President Trump said Friday he is looking for someone “tougher” to lead the country’s top immigration enforcement agency, hours after the White House unexpectedly withdrew its nomination of Ronald Vitiello to lead U.S. Immigration and Customs Enforcement.
Asked why he had jettisoned Vitiello, the current acting director of ICE who had been scheduled to accompany him on a trip to the border Friday, Trump told reporters: “We’re going in a little different direction. Ron’s a good man. But we’re going in a tougher direction. We want to go in a tougher direction.”
The move blindsided lawmakers, Department of Homeland Security officials and others across the administration who said Friday they could not fathom why the president would pull his ICE nominee at a moment when U.S. government officials are saying the nation’s immigration enforcement system is at a “breaking point.”
The sudden withdrawal — which the Senate was notified of Thursday evening — surprised Republicans who believed Vitiello was on track to be confirmed soon. His nomination cleared the Senate Homeland Security and Governmental Affairs Committee last month and was on track for a vote in the Judiciary Committee — which also oversees the ICE position — next week.
“Yeah, I don’t know what happened,” Sen. Ron Johnson (R-Wis.), who chairs the Homeland Security Committee, said in a phone interview Friday. “I thought we had addressed what issues we had in our committee, and he got bipartisan support in our committee.”
“I will freely admit that I was completely surprised by this,” Johnson said, adding that committee staffers were trying to figure out what happened to make the White House pull back his nomination.
Sen. Thomas R. Carper (D-Del.) supported Vitiello in the committee vote, while Sen. Rand Paul (R-Ky.) was the lone GOP member to side against him.
The president’s previous nominee to lead ICE, Tom Homan, languished without confirmation for months until finally stepping down in frustration. The White House picked Vitiello, a 30-year veteran of Border Patrol, as its nominee in August.
With more than 20,000 staffers and a $6 billion budget, ICE is the U.S. agency responsible for immigration detention and deportations, and its homeland security investigations unit combats drug smuggling, human trafficking and other cross-border crimes, with agents deployed around the world.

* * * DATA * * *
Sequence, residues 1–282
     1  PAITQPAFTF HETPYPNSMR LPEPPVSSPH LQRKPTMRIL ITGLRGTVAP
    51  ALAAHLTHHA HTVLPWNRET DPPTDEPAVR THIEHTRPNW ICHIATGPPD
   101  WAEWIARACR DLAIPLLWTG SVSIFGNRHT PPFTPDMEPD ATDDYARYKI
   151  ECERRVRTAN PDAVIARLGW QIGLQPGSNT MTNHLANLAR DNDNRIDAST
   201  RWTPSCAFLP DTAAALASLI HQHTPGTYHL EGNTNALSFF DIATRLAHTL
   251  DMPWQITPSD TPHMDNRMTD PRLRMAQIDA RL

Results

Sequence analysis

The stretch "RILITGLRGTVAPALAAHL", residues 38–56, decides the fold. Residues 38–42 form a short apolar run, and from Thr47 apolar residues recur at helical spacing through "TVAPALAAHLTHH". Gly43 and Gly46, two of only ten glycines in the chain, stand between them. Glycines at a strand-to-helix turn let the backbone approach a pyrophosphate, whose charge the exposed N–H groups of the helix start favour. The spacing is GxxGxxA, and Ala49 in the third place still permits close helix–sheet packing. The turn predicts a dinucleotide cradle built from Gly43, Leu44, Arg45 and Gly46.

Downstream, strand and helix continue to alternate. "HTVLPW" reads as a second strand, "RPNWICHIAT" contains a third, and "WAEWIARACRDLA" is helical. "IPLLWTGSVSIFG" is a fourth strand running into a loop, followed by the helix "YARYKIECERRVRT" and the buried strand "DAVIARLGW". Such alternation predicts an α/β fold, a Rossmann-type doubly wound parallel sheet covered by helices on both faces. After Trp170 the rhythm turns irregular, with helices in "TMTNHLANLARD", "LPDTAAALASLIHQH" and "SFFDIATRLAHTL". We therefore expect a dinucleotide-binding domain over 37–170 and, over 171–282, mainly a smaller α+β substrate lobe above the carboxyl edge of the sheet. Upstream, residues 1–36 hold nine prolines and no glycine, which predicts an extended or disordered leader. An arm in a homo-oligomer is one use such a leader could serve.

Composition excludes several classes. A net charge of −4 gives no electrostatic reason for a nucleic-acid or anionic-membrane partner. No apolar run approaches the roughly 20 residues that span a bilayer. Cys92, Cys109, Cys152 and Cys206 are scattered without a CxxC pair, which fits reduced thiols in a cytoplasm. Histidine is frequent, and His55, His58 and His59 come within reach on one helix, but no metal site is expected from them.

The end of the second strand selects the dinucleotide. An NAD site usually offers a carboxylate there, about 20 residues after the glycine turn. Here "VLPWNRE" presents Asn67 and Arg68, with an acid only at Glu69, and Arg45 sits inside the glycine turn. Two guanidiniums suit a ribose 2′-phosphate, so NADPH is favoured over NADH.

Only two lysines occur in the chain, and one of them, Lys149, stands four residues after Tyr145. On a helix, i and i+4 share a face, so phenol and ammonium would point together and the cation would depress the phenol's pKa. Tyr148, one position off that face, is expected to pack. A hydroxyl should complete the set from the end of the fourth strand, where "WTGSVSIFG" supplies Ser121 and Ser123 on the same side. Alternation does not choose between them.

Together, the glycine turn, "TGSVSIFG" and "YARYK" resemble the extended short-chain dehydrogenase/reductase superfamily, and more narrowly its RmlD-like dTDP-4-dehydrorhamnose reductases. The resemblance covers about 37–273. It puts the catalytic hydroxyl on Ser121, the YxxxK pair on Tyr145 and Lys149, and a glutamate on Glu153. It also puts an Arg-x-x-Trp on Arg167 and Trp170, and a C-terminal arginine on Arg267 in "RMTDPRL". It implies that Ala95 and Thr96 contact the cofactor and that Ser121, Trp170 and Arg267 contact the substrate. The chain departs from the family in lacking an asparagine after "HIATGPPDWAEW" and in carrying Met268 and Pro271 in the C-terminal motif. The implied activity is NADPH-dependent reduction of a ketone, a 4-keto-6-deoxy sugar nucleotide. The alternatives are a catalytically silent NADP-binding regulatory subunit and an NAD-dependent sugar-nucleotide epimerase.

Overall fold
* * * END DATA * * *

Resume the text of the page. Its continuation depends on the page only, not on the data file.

Johnson declined to respond to Trump’s insinuation that Vitiello was not tough enough for the enforcement position, saying: “I thought he was a very dedicated public servant, was certainly very knowledgeable, had a lot of experience with his background. . . . I thought he would’ve done a fine job in his new position.”
Vitiello’s nomination had been opposed by Chris Crane, the head of the pro-Trump union that represents ICE agents. In February, Crane, head of the National ICE Council, sent a letter to senators urging them to reject Vitiello, citing previous social media posts and other public comments.
During the 2016 presidential campaign, on Twitter, Vitiello compared Trump to the cartoon character Dennis the Menace and in another post likened Democrats to the Ku Klux Klan. During his confirmation hearing, Vitiello apologized for the tweets and said they were meant as jokes.
In recent months, as unauthorized border crossings have soared to their highest levels in more than a decade, Trump immigration policy adviser Stephen Miller has been criticizing Vitiello to the president and looking for an opportunity to cut him loose, according to one senior administration official who works on immigration enforcement matters.
Trump has imbued Miller with more authority over border security and immigration matters than ever before, according to two senior administration officials who spoke on the condition of anonymity to discuss fissures in the administration made worse by the surprise move against Vitiello.
“Ron Vitiello has spent as much time defending our nation’s borders as Stephen Miller has been alive,” one official said of Miller, who is 33.
One senior official said: “This is part of an increasingly desperate effort by Stephen to throw people under the bus when the policies he has advocated are not effective. Once it becomes clear that Stephen’s policies aren’t working, he tells the president, ‘They’re not the right people.’ ”
“Stephen wants to put Attila the Hun as director of ICE,” said the official, who believes Miller is seeking to install someone closer to him in the top ICE job.
The White House did not respond to requests for comment or provide further explanation about what Trump meant by seeking someone “tougher.”
Vitiello faced tough questions from Democrats over his previous social media posts but was able to win support from Carper.
“They just got him passed out of committee a few weeks ago, after a furious lobbying campaign,” a senior administration official said. “You had Thomas R. Carper, a Democratic senator, take a tough vote to confirm the head of ICE and support someone who is qualified and capable.”
“Now we’re getting emails from Senate staffers saying: ‘What’s wrong with you? What are you doing?’ ” the official said. “Ron’s decency and rational nature imperiled his time at ICE in this administration.”